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John Leech, illustrator

This week marks the 200th anniversary of the birth of British illustrator John Leech (Aug. 29, 1817). As a teenager, Leech studied medicine, but when his father’s business failed, the young man turned to his first love – drawing – to help support his family. Leech’s first success was producing humorous lithographs in the 1830s. Leech was also adept at etching on steel. He joined another famed Victorian artist, George Cruikshank, as an illustrator for Bentley’s Miscellany, and illustrated a number of books. Leech’s career took off in 1841 when he began contributing illustrations to the new humor magazine Punch. Over the next twenty years he produced hundreds of sporting and domestic illustrations for Punch, as well as for the periodicals Once a Week and The Illustrated London News. Leech also illustrated numerous books, the most famous of which is Dickens’ A Christmas Carol (1843).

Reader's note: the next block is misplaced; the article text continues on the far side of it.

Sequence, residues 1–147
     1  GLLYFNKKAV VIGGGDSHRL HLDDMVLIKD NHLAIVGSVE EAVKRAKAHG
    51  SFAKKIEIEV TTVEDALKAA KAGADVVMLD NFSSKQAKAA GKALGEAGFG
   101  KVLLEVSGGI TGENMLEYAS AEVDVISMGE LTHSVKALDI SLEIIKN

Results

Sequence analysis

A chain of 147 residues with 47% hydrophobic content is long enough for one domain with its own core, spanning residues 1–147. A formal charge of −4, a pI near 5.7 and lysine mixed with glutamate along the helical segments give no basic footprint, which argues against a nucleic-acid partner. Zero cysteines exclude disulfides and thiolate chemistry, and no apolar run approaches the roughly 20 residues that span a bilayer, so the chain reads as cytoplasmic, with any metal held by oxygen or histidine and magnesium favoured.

Special Collections owns many examples of Leech’s work in magazines and books, as well as several original sketches. The illustration shown here, “The Showman expostulating with his Monkey,” is taken from the book Merrie England in the Olden Time by George Daniel, published in 1842.

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